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ἐκ πόντου, ‘in’ (‘rising from’) the sea; i.e., an isolated rock, not part of a promontory. This is better than to take the words with “ἀμφίκλυστον”, ‘washed on all sides by the sea’: “ἐκ πόντου” would then be too weak.

The name ‘Lichades’ was given to some rocky islets just S. of C. Cenaeum, in the narrow strait dividing it from the promontory of Cnemīdes on the Locrian coast. Strabo 9. p. 426 “ἐνταῦθα καὶ αἱ Λιχάδες καλούμεναι τρεῖς νῆσοι πρόκεινται, ἀπὸ Λίχα τοὔνομα ἔχουσαι”. Cp. Aesch. fr. 29, quoted on 237 f. Ovid Met. 9. 226Nunc quoque in Euboico scopulus brevis emicat alte | Gurgite, et humanae servat vestigia formae; | Quem quasi sensurum nautae calcare verentur, | Appellantque Lichan.”—“Λίχας” perh.=“λίθος”: cp. “ὄρνιχος, ὄρνιθος” (Preller 2. 255 n. 2).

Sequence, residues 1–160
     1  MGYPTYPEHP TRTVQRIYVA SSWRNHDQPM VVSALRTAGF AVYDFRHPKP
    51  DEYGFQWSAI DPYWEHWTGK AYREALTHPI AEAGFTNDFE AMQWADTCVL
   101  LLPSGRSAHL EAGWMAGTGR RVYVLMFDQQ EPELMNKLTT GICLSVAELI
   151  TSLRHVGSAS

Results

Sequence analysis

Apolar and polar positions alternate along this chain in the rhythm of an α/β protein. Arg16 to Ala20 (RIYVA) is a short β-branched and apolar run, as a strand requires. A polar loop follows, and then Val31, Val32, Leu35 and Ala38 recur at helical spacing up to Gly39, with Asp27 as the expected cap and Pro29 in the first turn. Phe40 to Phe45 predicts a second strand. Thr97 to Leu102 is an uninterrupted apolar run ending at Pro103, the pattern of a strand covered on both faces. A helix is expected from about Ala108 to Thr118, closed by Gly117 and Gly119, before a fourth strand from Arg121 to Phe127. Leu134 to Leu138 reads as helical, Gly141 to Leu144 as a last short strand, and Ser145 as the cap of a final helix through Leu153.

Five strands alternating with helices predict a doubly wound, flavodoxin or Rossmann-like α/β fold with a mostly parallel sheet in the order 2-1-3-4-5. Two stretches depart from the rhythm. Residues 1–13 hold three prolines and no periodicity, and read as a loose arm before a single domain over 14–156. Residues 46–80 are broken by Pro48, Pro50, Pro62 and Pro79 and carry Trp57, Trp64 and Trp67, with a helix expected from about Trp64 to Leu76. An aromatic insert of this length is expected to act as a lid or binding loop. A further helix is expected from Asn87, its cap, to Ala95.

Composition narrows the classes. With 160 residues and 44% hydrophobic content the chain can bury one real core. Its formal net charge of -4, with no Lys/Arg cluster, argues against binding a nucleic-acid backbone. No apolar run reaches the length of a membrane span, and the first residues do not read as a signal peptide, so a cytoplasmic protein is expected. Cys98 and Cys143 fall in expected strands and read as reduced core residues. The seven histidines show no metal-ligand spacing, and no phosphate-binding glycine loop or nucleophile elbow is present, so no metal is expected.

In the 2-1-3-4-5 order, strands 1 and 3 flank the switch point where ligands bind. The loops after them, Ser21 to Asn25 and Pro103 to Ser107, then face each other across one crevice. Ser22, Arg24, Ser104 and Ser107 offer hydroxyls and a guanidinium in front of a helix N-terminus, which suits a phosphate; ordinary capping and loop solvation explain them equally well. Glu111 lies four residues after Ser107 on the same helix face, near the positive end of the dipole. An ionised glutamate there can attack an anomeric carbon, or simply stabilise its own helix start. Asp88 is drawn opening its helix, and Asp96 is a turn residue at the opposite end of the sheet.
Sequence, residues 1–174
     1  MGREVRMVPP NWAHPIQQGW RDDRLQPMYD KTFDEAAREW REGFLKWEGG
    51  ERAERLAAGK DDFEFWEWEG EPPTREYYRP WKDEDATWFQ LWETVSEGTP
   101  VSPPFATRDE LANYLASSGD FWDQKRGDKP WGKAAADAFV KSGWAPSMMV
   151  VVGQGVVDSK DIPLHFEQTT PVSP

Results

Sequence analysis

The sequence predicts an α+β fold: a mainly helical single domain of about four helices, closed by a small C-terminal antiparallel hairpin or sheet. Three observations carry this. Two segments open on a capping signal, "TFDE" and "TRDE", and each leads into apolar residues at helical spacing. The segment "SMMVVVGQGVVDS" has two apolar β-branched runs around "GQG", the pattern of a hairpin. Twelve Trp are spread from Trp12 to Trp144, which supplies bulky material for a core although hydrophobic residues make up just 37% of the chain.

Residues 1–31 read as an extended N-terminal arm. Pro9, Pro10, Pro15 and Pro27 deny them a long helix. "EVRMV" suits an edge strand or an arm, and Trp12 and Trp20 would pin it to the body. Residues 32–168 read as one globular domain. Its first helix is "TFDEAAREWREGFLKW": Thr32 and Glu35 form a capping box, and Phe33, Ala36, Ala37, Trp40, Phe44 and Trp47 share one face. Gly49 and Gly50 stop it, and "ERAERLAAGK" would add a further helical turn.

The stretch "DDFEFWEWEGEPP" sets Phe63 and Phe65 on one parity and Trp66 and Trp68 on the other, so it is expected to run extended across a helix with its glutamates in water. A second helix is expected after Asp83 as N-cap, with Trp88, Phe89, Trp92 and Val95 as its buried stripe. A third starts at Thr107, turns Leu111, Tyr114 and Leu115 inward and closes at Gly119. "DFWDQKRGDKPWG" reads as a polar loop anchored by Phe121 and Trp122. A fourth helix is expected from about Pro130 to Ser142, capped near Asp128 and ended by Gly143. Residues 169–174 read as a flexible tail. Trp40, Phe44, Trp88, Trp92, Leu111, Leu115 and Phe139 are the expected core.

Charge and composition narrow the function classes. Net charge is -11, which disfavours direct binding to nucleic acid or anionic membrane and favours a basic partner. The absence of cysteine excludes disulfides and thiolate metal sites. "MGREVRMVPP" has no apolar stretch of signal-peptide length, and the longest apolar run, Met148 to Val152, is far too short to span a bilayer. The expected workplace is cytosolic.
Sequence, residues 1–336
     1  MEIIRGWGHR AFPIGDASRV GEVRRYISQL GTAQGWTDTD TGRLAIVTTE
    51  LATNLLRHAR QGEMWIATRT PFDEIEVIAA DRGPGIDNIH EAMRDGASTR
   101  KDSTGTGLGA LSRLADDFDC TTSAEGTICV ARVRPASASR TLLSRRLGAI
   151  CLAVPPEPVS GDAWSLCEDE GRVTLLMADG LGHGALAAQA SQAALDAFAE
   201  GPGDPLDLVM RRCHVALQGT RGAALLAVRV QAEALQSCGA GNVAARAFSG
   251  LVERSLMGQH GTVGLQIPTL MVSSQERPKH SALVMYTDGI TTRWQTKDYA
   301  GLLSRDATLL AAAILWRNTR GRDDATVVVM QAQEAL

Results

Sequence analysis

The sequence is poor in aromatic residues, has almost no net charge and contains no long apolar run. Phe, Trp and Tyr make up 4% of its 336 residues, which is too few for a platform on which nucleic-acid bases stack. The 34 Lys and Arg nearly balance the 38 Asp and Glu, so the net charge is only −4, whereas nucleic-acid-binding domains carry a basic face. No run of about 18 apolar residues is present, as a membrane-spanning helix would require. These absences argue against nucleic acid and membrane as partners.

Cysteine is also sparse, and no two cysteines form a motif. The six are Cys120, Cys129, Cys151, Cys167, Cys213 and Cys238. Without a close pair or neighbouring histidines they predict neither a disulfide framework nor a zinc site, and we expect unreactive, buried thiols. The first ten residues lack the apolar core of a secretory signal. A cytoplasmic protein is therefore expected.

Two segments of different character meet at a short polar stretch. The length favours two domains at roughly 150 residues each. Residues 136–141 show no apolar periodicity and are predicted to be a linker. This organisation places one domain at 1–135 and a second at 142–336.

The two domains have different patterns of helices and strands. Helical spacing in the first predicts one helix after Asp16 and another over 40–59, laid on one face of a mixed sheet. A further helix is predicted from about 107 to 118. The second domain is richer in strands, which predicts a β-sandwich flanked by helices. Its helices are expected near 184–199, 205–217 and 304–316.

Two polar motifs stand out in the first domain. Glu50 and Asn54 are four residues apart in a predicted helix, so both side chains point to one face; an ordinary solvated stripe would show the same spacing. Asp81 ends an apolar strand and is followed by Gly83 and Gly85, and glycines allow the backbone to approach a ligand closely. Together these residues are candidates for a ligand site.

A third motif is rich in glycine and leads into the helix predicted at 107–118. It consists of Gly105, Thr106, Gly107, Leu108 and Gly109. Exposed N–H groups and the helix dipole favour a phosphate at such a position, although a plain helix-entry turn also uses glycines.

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  • Commentary references from this page (2):
    • Strabo, Geography, 9
    • Ovid, Metamorphoses, 9.226
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